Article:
Mogadishu — Al-Shabaab has once again flexed its control over the people of Barawe by confiscating all camera-equipped mobile phones, residents told Sabahi.
Using loudspeakers on March 10th, al-Shabaab militants announced the new directive, ordering all residents to bring their mobile phones to al-Shabaab's base at the Barawe municipal office, threatening harsh punishment for non-compliance.
"Men who were members of al-Shabaab unexpectedly came into my store and ordered me to show them the phone I was using," said Farhan Mohamed, 38, who owns a food store in Barawe market. "When I showed them my phone, which was a Nokia C3, they took it away. I can describe it as something akin to robbery."
"They told us through the loudspeakers that anyone who uses a phone with a camera and fails to turn it in will face severe punishment," he told Sabahi. "Most of the people have started taking their camera phones, whichever brand they are, to al-Shabaab's headquarters out of fear."
"The religion of Islam does not sanction what al-Shabaab is doing, which is to abuse people's lives and their wealth," Mohamed said.
Al-Shabaab 'extremely fearful' of spies:
This is not the first time al-Shabaab has imposed strict measures against media and telecommunications equipment in areas under its control.
Last November, following the attempted capture of senior al-Shabaab leader Abdulkadir Mohamed Abdulkadir (Ikrima) by US Navy SEALs in October, al-Shabaab banned the people of Barawe from watching television, saying it harms their Islamic principles, and ordered them to turn in their televisions and satellite dishes to al-Shabaab officials.
Also since the raid, al-Shabaab started intimidating people who use smartphones, saying the hi-tech mobile devices could be used for spying.
Barawe elder Warsame Ali, 49, said al-Shabaab was taking these steps due to the extreme pressure and fear they are experiencing after the Somali National Army and African Union Mission in Somalia (AMISOM) troops stepped up their military offensive.
"Al-Shabaab is extremely fearful," Ali told Sabahi. "When AMISOM troops recently started expelling them from many towns and they realised they are facing mounting challenges, they began to inflict more abuse on the residents of Barawe so that the people do not become aware with al-Shabaab's losses and [to ensure] that anyone who would spy against them will not be able to live there."
Ali said he had a camera on his mobile phone, but even though it was unable to take pictures, al-Shabaab seized it anyway.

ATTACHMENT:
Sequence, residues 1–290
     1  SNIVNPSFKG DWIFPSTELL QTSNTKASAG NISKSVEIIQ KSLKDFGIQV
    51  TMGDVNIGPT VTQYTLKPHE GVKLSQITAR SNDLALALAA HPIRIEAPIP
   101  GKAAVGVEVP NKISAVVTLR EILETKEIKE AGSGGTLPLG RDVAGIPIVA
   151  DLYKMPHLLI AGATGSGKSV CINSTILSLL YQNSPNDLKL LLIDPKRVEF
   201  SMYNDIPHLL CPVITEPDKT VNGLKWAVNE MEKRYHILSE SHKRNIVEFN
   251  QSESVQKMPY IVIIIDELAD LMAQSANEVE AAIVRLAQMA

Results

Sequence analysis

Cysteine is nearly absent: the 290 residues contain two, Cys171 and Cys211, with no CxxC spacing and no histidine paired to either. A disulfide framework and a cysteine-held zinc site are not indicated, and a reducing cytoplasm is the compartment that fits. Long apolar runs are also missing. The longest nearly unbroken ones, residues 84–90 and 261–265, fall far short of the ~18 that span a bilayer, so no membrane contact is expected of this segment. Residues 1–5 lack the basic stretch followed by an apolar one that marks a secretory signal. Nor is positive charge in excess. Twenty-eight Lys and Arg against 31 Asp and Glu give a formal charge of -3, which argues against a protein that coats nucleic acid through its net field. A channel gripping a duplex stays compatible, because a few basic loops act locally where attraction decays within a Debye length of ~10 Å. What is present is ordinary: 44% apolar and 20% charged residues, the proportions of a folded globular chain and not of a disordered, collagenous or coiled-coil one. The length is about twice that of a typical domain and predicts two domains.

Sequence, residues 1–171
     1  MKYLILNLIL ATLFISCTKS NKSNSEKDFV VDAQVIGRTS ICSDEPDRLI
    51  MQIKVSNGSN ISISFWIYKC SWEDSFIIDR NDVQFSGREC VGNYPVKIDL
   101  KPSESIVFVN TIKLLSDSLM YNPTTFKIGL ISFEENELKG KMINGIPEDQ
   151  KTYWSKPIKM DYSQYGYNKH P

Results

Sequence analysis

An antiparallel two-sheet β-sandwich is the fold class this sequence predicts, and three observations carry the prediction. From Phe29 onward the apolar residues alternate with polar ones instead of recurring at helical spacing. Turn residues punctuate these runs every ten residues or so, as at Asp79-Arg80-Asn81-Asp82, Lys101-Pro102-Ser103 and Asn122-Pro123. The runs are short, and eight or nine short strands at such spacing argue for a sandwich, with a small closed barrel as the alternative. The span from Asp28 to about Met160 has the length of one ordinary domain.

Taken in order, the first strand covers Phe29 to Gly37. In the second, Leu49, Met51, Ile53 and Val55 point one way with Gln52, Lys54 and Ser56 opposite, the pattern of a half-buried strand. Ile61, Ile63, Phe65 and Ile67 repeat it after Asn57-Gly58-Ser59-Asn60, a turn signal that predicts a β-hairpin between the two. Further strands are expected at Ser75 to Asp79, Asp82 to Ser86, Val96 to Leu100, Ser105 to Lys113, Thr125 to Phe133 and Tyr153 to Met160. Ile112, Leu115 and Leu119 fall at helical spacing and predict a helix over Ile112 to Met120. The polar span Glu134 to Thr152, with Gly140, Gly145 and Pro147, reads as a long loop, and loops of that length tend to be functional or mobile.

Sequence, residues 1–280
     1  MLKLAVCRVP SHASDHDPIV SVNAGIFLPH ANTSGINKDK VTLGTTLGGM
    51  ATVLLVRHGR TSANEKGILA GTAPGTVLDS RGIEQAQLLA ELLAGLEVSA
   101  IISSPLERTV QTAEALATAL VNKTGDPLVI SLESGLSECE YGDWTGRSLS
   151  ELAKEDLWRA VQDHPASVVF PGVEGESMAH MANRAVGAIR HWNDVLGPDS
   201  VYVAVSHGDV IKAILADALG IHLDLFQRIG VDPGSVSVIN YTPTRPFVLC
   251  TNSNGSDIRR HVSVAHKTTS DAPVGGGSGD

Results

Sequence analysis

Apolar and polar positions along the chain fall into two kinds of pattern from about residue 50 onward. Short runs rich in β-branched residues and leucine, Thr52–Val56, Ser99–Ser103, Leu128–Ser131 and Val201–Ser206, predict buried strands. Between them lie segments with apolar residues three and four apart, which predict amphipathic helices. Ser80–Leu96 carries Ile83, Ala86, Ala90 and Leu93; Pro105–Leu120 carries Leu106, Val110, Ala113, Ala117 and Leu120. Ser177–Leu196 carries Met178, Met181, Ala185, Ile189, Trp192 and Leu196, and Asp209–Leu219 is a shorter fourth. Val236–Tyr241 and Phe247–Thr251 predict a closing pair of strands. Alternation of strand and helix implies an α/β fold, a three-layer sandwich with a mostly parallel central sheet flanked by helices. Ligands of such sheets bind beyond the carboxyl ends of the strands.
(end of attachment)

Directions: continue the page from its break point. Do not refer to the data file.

"What is surprising is that my phone was forcefully taken away while I was telling them that the camera was not working and they did not even look at it," he said. "These men did not even have any knowledge of which phones have functional cameras and those that did not. Their minds are stuck on the orders they were given."
Ali called on the allied forces to come quickly to rescue the citizens of Barawe district.
"I am humbly asking the troops of AMISOM and our own Somali National Army to liberate this town just like they liberated the other towns where al-Shabaab was expelled," he said. "Our most cherished dream is to see Barawe liberated from al-Shabaab. We are abused people who are unable to free themselves from the injustice that is being inflicted upon them."
Price doubles for mobile phones without cameras:
Barawe resident Asha Mudey, a 38-year-old mother of six, told Sabahi that al-Shabaab members came to her house one afternoon and took phones valued at $900 from six relatives who live in her household.
"We became terrified when al-Shabaab members came into our house and took each person's phone," she said. "I was even forced to wake up my husband who was sleeping so that they could find out if his phone was a camera phone." "Only my mother, who had a phone that did not have a camera, was left with her phone," Mudey said.
"Though our living condition was not that good, al-Shabaab compounded that by confiscating our phones," she said, adding that they had to spend $360 to buy new phones without cameras. The price of mobile phones without cameras has gone up in Barawe since al-Shabaab's directive, according to Salim Abdi, 36, who owns a mobile phone store in the town.
"These days the mobile phones without cameras that we sell are expensive because demand has increased from the people who want to use them," he told Sabahi. "For example, we used to sell the Nokia 101, which does not have a camera, for $30 and now it is $60."
Abdi said he was complying with al-Shabaab's orders out of concern for his safety, not because of any economic gains. "We returned the camera phones to Mogadishu because no one will buy them here as everyone is afraid of al-Shabaab," he said.